First and foremost, I would like to apologize for my lack of publications in the recent weeks. My day job and personal life have taken a heavy toll on my free time to write and let alone, read the economic news in detail as I like it. Nevertheless, much of that has been taken cared of and I now have the time to focus on the news at hand.
So, in order to catch up in the recent news that has come out in the last few weeks, I will be doing a quick run through of what has been reported. In the upcoming week, I will be back on schedule with timing posts.
The number was not too hot for the first quarter of 2017 with the Gross Domestic Product only increasing at a rate of 0.7%. However, these advance estimates are never very accurate and history has shown that GDP is usually weak in the first quarter.
Is the reporting weak? Yes but lets wait until May 26 to get a better reading.
Employment rate dropped down to 4.4% in April and the U.S. added 211,000 more jobs. This comes after a very weak reporting for March of only 79,000 jobs. Employment keeps increasing through the U.S. as more workers move into the work force but one thing stays unchanged. Wages. Wages have become increasingly stagnate for years and just barely staying on top of inflation but why?
Economics 101 tells us that wages tend to rise with lower unemployment. Since unemployment is low, there is more competition among employers for workers and one way to lure workers to their companies is by offering higher wages than the competition. This obviously hasn’t been the case.
The excuse some have used is that companies are waiting for the policies coming out of Washington D.C. before implementing any raises. Companies are hoping for a huge tax relief in the future especially since the President has talked about reducing the corporate tax rate from 35% to 15%. With the business owners having extra cash, the so called “trickle down” effect would commence and workers would see an increase in wages. Supposedly.
The gap in productivity and wages has also increased dramatically but please read The Economic Policy Institute’s article on The Productivity-Pay Gap.
American Health Care Act
Okay. The Congressional Budget Office hasn’t released their report on how much this law would cost and so on, so there isn’t too much economic news to report on besides politics but I feel I must mention it. As I mentioned, the CBO has NOT released a report on this law so how could Congress, most notably Republicans, move ahead with this and pass it through the House? This could cost tax payers billions of dollars and worse, make them lose their health insurance. How so? Let me explain.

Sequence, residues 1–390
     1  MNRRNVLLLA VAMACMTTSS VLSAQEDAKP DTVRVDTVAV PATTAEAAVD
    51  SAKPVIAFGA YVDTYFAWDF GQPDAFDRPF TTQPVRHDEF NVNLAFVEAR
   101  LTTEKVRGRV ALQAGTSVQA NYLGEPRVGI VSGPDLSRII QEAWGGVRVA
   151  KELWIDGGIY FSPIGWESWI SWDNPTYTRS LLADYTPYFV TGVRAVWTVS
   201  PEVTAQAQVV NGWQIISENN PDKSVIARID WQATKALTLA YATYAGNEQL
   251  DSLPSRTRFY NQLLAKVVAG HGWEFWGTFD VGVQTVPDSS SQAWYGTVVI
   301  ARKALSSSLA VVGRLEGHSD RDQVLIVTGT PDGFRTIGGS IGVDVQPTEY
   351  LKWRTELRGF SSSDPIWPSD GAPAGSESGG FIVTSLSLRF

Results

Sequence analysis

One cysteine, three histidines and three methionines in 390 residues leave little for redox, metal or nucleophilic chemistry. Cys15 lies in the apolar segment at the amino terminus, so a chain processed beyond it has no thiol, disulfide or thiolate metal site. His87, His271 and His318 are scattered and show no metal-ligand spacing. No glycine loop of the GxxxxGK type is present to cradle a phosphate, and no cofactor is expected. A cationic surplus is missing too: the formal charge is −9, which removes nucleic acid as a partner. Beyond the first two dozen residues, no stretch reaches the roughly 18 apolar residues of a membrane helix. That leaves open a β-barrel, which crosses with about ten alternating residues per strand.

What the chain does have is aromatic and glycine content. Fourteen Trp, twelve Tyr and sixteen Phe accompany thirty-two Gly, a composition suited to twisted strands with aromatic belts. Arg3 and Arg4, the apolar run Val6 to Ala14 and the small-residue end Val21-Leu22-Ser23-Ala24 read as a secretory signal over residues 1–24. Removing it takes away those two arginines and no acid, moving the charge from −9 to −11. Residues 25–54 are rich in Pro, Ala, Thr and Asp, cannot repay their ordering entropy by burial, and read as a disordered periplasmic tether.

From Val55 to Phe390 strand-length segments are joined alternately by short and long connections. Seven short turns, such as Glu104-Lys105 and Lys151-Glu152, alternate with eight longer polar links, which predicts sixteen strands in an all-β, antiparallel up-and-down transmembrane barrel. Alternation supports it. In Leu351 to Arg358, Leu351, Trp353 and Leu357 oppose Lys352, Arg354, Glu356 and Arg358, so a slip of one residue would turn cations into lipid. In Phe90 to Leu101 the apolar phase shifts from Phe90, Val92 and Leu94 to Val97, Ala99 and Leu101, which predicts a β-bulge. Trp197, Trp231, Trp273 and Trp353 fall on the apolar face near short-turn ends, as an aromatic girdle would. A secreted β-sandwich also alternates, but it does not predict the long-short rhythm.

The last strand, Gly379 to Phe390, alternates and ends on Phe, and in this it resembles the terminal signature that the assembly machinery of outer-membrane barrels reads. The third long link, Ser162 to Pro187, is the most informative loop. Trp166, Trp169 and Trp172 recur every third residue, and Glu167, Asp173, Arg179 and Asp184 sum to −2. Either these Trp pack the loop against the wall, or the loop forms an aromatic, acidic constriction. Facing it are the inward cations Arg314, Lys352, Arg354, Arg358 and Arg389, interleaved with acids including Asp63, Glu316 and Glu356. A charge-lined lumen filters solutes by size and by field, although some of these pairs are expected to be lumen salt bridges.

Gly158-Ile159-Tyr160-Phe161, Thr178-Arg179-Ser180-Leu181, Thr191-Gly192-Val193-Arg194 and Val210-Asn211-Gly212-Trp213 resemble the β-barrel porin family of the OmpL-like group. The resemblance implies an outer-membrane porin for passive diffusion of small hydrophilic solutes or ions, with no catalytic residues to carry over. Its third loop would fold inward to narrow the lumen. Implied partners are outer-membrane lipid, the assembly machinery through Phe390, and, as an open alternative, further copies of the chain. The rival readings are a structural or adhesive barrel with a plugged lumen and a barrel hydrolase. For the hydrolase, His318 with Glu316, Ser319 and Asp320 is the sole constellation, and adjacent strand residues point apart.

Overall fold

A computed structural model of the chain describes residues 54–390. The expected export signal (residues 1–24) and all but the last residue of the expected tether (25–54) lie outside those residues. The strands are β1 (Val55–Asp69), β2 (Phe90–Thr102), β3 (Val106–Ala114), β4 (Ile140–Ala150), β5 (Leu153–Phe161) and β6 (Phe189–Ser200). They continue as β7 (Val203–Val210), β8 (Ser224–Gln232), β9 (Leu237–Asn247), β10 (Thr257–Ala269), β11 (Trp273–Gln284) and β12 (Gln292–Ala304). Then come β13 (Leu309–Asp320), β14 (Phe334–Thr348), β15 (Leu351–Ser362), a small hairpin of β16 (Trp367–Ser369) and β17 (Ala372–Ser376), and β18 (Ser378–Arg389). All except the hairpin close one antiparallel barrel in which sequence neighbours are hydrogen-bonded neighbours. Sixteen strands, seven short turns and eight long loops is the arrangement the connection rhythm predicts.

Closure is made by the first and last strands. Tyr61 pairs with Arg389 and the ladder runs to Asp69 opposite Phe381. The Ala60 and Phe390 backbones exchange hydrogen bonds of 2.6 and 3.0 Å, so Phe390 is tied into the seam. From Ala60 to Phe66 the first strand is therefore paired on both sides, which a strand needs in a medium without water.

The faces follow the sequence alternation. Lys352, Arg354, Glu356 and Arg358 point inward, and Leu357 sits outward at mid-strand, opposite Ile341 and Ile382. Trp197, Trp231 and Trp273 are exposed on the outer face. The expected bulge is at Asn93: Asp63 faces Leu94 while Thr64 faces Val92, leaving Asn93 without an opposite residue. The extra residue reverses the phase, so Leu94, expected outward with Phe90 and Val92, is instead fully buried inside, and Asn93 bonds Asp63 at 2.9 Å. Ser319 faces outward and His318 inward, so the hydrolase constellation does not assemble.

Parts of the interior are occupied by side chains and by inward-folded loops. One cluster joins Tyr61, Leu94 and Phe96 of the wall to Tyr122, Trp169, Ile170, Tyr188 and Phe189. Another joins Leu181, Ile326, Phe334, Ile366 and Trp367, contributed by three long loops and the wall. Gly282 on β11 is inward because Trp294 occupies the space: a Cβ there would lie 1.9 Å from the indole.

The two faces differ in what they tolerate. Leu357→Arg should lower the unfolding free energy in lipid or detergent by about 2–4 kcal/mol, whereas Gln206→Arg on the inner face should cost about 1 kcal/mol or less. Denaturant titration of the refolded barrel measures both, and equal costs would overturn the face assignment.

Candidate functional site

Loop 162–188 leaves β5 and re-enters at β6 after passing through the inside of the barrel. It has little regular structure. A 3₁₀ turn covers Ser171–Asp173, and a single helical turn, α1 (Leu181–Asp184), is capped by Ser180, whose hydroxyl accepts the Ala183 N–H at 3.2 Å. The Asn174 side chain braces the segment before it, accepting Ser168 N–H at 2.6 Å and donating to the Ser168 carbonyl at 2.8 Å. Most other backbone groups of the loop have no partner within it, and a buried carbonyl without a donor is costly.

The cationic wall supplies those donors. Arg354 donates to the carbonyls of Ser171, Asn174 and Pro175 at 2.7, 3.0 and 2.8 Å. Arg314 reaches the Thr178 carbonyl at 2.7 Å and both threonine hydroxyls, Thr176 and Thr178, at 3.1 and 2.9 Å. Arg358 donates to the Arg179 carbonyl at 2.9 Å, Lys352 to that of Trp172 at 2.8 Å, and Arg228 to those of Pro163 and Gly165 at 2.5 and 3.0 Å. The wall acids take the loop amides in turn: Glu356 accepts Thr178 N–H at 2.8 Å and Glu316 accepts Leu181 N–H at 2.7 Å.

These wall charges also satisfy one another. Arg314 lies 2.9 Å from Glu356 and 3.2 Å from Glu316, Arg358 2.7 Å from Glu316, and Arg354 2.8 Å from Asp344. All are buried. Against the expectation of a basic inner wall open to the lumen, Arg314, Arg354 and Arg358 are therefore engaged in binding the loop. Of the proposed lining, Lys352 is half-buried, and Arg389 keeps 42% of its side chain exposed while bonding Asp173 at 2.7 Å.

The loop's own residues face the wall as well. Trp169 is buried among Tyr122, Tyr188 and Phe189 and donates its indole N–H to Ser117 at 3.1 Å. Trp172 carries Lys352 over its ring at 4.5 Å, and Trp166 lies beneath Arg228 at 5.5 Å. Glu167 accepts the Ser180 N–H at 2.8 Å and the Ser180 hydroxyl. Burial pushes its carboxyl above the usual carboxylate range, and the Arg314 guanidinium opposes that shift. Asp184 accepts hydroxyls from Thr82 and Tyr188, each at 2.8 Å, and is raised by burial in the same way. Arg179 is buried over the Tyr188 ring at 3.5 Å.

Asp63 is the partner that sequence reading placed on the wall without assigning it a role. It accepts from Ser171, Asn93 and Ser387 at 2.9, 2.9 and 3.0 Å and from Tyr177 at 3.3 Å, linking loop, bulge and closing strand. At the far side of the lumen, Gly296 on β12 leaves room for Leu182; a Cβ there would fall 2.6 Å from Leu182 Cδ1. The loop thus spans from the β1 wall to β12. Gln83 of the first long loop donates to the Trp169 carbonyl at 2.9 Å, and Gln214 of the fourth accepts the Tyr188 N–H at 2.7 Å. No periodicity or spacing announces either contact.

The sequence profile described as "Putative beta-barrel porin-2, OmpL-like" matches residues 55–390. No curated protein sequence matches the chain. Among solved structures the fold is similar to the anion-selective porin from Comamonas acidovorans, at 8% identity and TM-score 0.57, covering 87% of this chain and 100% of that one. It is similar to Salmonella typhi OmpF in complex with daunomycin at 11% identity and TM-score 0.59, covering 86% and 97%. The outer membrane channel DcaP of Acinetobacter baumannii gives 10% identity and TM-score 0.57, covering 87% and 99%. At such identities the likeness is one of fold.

The law states that people with pre-existing conditions can lose their insurance and will be placed in high risk pool where the government will have money aside to pick up the tab but recent reports and analysts say it will not be enough. The problem with this is that health care insurers get away with more money in their pockets. People pay for premiums but people will also pay for those in the high risk pool. How? Well, who funds the government? Tax payers.
Next, the mandate to force people to be insured is gone. You will not need to buy insurance every year, which is a problem. Young people tend to not buy insurance but if young people do not buy insurance, then older people will see premiums rise dramatically. We need young people to buy insurance to curve the costs since young people make up the greater population of the U.S. The argument by the GOP is that their bill lowers premiums for the young which makes insurance attractable.
Lastly, Medicaid is rolled backed from its expansion from Obamacare and cut even deeper of almost $880 billion over 10 years. Poor people might find it difficult to get insured.
The Senate has already stated that they will wait on the CBO before even considering the American Healthcare Act.
Moving this swiftly just to fulfill a campaign promise is a joke. A bill of this magnitude will affect millions of people and the loss of coverage for some could lead to death. Sorry for sounding grim, but as a person with a pre-existing condition, I too take this bill very seriously.